I do not have any confidence that Biblical authors have not embroidered their inspirations with their own preconceptions. This is, I think, to be seen in Genesis 1, which clearly imports the world picture common to Mesapotamian and other creation myths, including Greek and Egyptian, this being of a flat earth covered by a bowl-shaped “firmament” with gates in the firmament to let in rain and in the earth to let in the waters below. An obvious example, but emblematic of more subtle preconceptions such as those of classical Greek philosophy which I have recently been criticising in my series about process.
I do not really need to address whether the authors have correctly understood the inspiration they received, as the previous criterion will in all probability exclude from “inspired” any material which is not; it will have arisen from their preconceptions.
So, what the previous post gave was what I think to be a fair reading of the passage, working from these principles.
Before leaving this topic, I think it reasonable to mention that, coincidentally, I picked up Peter Rollins’ book “The Idolatry of God” last night and am therefore sleep-deprived (particularly as I went on to read some of his “Insurrection” as well before finally sleeping). This makes me think that I may not have given enough space to discussion of the advent of the sense of self in the first post, as Rollins spends half a chapter on this. He draws from the work of the psychoanalyst Jacques Lacan in talking about the “Mirror Phase” of child development, when after not really making a distinction between self and other, children begin to develop that (it occurs between about six and about eighteen months). Rollins comments that only with the advent of the sense of self can people be truly said to be born, a “second birth”, and that among other features this brings a sense of deep and abiding loss as we become aware of a world outside ourselves which is not us. The result is an illusory sense of loss; illusory because it is something we never had in the first place, if for no other reason that there was no “self” to have had it, whatever it may have been.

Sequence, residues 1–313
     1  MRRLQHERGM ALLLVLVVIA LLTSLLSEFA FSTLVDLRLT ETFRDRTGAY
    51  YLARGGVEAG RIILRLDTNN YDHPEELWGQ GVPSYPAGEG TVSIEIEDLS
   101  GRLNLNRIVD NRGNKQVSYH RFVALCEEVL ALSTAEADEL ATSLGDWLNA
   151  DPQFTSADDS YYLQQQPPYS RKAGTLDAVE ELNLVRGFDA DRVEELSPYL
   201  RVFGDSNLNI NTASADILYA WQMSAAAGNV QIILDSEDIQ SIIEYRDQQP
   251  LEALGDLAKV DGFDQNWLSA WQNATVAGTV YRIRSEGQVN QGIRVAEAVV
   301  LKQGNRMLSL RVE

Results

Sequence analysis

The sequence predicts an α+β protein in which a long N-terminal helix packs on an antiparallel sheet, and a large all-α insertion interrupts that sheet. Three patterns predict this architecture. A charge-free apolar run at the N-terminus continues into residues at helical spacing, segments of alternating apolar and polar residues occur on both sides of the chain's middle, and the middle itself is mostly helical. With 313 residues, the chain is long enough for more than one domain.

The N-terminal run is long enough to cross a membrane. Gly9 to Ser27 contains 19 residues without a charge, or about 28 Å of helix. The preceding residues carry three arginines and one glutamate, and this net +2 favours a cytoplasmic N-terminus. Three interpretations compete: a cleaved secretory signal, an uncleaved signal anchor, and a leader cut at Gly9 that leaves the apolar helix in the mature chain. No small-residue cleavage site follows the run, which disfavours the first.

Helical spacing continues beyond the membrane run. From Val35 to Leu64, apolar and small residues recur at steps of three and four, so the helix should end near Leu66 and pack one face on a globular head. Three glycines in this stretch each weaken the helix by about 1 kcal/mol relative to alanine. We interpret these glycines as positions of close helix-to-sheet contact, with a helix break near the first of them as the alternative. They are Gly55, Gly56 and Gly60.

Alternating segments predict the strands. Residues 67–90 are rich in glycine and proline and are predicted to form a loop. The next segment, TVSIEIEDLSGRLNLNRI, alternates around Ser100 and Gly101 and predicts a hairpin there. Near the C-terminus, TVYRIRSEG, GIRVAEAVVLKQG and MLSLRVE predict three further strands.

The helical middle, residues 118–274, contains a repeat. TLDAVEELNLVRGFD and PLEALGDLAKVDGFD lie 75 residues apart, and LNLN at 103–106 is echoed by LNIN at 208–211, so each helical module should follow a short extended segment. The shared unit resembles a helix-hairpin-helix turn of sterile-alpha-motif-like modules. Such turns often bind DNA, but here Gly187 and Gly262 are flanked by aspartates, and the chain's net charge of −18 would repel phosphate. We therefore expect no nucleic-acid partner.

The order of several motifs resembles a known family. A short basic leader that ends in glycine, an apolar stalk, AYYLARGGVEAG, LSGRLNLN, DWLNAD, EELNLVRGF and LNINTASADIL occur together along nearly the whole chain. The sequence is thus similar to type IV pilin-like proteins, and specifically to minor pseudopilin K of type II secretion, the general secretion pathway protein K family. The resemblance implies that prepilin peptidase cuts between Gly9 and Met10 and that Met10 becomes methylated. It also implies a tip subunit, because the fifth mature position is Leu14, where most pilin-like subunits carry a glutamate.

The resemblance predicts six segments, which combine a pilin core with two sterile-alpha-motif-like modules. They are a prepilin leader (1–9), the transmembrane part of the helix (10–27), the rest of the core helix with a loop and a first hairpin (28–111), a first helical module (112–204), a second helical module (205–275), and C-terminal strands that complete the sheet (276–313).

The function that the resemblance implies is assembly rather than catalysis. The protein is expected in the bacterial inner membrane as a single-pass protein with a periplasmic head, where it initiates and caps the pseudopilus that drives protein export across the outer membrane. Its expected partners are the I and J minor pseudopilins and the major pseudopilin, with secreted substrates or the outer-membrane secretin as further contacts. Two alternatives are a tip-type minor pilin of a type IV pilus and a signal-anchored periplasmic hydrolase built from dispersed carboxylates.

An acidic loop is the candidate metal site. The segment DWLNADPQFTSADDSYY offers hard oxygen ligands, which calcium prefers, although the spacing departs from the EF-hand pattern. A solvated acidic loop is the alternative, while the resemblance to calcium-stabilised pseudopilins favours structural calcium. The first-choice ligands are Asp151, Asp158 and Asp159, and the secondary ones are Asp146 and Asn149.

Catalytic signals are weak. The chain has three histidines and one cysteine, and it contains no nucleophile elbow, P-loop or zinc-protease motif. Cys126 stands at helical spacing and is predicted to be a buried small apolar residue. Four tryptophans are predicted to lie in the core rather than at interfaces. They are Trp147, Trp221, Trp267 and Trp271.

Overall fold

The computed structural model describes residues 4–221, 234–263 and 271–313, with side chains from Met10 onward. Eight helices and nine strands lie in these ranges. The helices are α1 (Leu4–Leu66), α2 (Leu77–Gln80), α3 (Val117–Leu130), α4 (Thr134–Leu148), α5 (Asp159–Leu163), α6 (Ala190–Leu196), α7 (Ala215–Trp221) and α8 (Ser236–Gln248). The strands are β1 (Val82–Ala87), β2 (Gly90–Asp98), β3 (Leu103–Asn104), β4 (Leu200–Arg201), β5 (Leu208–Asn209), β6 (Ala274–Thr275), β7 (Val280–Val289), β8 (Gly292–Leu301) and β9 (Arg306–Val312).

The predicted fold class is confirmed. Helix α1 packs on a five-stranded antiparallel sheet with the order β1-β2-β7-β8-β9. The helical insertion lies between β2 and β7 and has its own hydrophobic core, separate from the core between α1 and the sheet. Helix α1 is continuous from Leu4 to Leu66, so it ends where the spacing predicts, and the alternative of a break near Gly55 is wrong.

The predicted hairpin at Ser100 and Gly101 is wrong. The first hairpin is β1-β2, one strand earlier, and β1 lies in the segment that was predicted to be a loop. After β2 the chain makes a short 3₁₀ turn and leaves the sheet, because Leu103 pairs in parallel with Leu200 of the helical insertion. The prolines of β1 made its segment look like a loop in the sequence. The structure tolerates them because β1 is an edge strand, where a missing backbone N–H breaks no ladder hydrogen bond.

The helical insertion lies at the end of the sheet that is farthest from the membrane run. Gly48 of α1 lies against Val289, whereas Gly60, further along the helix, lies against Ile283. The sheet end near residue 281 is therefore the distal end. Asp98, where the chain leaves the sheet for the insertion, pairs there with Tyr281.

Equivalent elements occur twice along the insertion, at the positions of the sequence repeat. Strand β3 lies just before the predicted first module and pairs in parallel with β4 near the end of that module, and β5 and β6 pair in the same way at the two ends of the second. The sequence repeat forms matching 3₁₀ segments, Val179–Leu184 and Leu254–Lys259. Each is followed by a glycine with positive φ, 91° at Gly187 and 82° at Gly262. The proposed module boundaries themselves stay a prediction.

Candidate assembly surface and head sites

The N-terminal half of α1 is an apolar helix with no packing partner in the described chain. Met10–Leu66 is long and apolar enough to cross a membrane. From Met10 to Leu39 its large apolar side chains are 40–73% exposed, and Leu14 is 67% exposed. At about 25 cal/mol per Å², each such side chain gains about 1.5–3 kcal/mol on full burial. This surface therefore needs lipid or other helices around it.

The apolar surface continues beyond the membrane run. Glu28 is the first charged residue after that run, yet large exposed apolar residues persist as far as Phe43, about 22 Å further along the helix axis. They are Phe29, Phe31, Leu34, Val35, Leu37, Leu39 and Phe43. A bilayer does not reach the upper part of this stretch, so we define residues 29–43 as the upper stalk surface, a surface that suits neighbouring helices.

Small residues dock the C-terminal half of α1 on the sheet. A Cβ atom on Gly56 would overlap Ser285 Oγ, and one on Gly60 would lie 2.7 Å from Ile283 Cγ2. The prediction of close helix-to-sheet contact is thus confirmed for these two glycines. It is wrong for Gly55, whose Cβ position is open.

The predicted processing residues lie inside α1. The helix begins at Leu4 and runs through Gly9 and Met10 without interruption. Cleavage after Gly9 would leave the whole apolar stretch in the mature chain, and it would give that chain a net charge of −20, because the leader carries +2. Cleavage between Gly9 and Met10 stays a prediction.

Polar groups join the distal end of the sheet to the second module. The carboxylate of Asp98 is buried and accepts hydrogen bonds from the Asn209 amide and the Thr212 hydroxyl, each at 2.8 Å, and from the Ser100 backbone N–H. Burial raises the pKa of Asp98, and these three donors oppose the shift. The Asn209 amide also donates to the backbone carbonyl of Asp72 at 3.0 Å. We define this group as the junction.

Rollins goes on to link this with creatio ex nihilo (as an illusory something is created out of nothing), with Paul’s attitude to the law as increasing sin, as the sense of absence plus knowledge of prohibition is needed in order to become truly obsessed with something and, of course, finally with original sin, which Rollins identifies as this feeling of a void which needs filling, a lack which we obsessively need to correct.
As I argued in my previous post, however, I see original sin as being merely the apparently very real separation between self and other (including, of course, self and God) and its immediate consequences, and not as requiring any obsession. Granted, pursuing control and acquisition at the expense of others is definitely part of sin, but I do not see that acting selfishly, being self-centred or fearing loss for the self inevitably stems from this. There is a tendency, but there is no absolute requirement that every individual act on it, and some may not. I am not one of them.
However, I am a mystic, and a part of the mystical experience involves the boundaries between self and other breaking down. It is not really possible for me to regard that boundary as anything other than an illusion (and the sense of self may itself be an illusion) long term, although I can be and have been suckered into treating it as real. Rollins goes on in the remainder of the book to advocate the embracing of the feeling of loss as an inevitable part of being human and not regarding God or religion as a means of filling it, hence the idolatry of the title. For me, this seems unnecessary, as I am provided with memory of experiences in which both division and loss are illusory.
Nonetheless, I can recommend Rollins, although with even more of a safety warning than Jack Miles, given his tendency to offend even himself…